I stopped at our tent, grabbed a new bottle of Carborocket 333 and a quick sandwich to go (the first mile of the climb is gentle, a good place to fuel up), and went out fast. 

I looked over to my left. There was Mike at his tent, putting a few strokes of air into his tire. 

This, I thought, is my big chance. If I’m going to beat Mike, I’ve got to do it now.

Which is where we’ll pick up tomorrow. 

PS: I’d like to point out that even as I make poor Mike the unwitting villain in my story, he’s donated enough to buy a bike in The Hammer’s WBR fundraiser. Which sort of undercuts my whole effort to paint him as the bad guy. (Thanks tons, Mike!)


  1. Comment by Kristina | 04.30.2014 | 8:44 am

    One bicycle officially donated!

    I decided the day this was announced that I would contribute the cost of a bike. So why did I wait until the last possible day to actually DO it?

    These are the unanswerable questions I ask myself.

  2. Comment by Jim Tolar | 04.30.2014 | 8:56 am

    Dear The Hammer,
    One bike.

  3. Comment by Jacob | 04.30.2014 | 9:13 am

    I don’t see Mike as the bad guy. I’m perfectly cool if you don’t win. I’m rooting more for an interesting race.

  4. Comment by Anonymous | 04.30.2014 | 9:29 am

    Since you are not really interested in winning the lottery, but know the numbers, how about sending them my way?

    Sure. 55-58-67-53-09. – FC

  5. Comment by Sean Borland | 04.30.2014 | 9:31 am


    I really enjoy your writing and your storytelling. However, after a few torturous multi-part posts it becomes too much to bear!!! I had to know the final results, at least. Now, I can relax and enjoy your journey, again, and learn how you got there.

    That’s just fine. – FC

  6. Comment by Eric Finn | 04.30.2014 | 9:44 am

    Can I donate and not be part of the contest? I’d never be able to take advantage of winning that trip and I’d honestly prefer to get the tax write off.

  7. Comment by Bob B. | 04.30.2014 | 9:45 am

    Oh, Mike is definitely the bad guy. Attack!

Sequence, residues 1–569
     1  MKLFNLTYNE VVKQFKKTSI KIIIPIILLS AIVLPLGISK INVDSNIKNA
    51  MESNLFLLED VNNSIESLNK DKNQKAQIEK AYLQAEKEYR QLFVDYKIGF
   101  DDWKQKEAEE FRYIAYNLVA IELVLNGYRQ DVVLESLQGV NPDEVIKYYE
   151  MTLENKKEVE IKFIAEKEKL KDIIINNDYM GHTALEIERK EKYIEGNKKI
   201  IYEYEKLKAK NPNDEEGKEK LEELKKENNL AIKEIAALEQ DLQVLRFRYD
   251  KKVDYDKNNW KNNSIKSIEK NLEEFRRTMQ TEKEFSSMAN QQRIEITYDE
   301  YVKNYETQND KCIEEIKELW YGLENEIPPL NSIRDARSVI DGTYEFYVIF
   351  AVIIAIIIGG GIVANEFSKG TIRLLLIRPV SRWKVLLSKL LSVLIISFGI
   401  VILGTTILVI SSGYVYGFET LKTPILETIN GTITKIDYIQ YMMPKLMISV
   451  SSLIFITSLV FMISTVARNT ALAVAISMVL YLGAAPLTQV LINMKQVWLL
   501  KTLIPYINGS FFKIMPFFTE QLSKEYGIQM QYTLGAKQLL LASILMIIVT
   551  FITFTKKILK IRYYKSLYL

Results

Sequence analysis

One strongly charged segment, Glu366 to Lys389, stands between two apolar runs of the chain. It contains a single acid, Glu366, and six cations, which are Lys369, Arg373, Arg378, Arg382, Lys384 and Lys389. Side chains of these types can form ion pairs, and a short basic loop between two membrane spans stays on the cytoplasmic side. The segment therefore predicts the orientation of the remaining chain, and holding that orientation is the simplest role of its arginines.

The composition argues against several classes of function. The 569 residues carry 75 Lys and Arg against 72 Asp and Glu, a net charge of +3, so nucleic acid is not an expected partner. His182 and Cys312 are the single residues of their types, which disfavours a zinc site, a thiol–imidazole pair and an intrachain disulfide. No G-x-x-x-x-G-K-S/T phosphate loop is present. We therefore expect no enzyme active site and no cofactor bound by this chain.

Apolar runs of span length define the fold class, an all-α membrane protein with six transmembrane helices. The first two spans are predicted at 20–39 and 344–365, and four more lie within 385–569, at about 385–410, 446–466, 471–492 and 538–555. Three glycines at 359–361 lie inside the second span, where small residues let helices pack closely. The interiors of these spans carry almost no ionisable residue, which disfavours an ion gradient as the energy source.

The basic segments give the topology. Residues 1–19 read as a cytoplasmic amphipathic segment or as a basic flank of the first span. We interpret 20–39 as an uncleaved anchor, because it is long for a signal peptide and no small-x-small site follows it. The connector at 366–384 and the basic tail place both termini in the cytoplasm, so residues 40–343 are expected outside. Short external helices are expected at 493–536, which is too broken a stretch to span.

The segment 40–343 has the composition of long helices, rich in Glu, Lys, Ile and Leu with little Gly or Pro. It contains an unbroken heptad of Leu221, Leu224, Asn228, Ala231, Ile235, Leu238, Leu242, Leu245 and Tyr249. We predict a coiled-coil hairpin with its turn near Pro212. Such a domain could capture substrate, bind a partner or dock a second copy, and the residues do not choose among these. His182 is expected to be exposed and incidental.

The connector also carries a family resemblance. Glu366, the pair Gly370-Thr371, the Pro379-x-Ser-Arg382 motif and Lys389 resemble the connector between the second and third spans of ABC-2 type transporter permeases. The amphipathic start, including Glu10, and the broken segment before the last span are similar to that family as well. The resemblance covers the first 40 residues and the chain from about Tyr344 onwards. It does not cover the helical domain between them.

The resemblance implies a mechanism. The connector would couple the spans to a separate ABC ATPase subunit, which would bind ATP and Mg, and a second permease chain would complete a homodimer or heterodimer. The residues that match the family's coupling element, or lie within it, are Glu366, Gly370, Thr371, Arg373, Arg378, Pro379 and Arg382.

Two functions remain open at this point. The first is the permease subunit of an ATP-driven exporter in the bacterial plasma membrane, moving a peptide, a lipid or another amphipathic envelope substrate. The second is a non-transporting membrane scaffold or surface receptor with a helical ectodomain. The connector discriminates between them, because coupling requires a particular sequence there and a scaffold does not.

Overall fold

8. Comment by cyclingjimbo | 04.30.2014 | 9:59 am

    Love the sense of spirited competition and mutual respect. For most of us the races are more against our inner selves and our prior performances than against real opponents – podium positions are out of reach and we have to look elsewhere for what drives us to do our best.

    I am looking forward to the rest of the installments to see how this unfolds. I am resisting the urge to look up the final results, and am going to rely on your excellent story telling, so please, please, please keep the reports coming at regular frequency.


    For me too, the race is usually against the clock or some other abstract objective. Having a person I could genuinely battle it out with made this an unusually fun race for me. – FC

  9. Comment by Doug (Way upstate NY) | 04.30.2014 | 10:08 am

    Just wondering what happens when you fight with yourself about something. I mean you are right and you are wrong at the same time.

    And if you can answer that, then what came first the chicken or the egg? Since you are right all the time and all!

    I never argue with myself. – FC

    Yes you do. – FC

  10. Comment by davidh-marin,ca | 04.30.2014 | 12:28 pm

    Everyone knows that to win a drawing you need to be the last contributor. (nice guys/gals finish last)

    There’s still time for you to get another contribution in before the deadline. I need to be ready to pip them at the line.

    What time is that Fatty?

  11. Comment by MicroTim (in IN) | 04.30.2014 | 12:32 pm

    Thanks for the entertaining race-writeups! I am particularly enjoying the dynamic between you and this ‘Mike’ character, though I suspect you are in danger of becoming the villain in this story… at least you offered to let him pass on the downhill! In the past write-ups you somehow manage to be both the protagonist and antagonist (since you are racing against yourself).

  12. Comment by Bykjunkie | 04.30.2014 | 1:28 pm

    In keeping with the liar post, I had to lie about my address to donate. It would not accept an FPO AE address. Well worth it!

  13. Comment by rich | 04.30.2014 | 2:22 pm

    Keep the writeups coming! Love these stories…
    oooh he’s villian, no he’s a good guy, wait maybe he’s a villian….the drama…

  14. Comment by Min | 04.30.2014 | 4:00 pm

    Putting time into him while he pumps his tire? That’s the sort of move that fills a man’s stomach with anger.

  15. Comment by davidh-marin,ca | 04.30.2014 | 9:41 pm

    Ambassador Lisa only needs $2300 more to make 20K Anybody win the lottery tonight with Fatty’s numbers?

  16. Comment by dalemmby.soup.io | 04.30.2014 | 9:49 pm

    Thank you for sharing your thoughts. I really appreciate your efforts
    and I will be waiting for your further write ups thank you once again.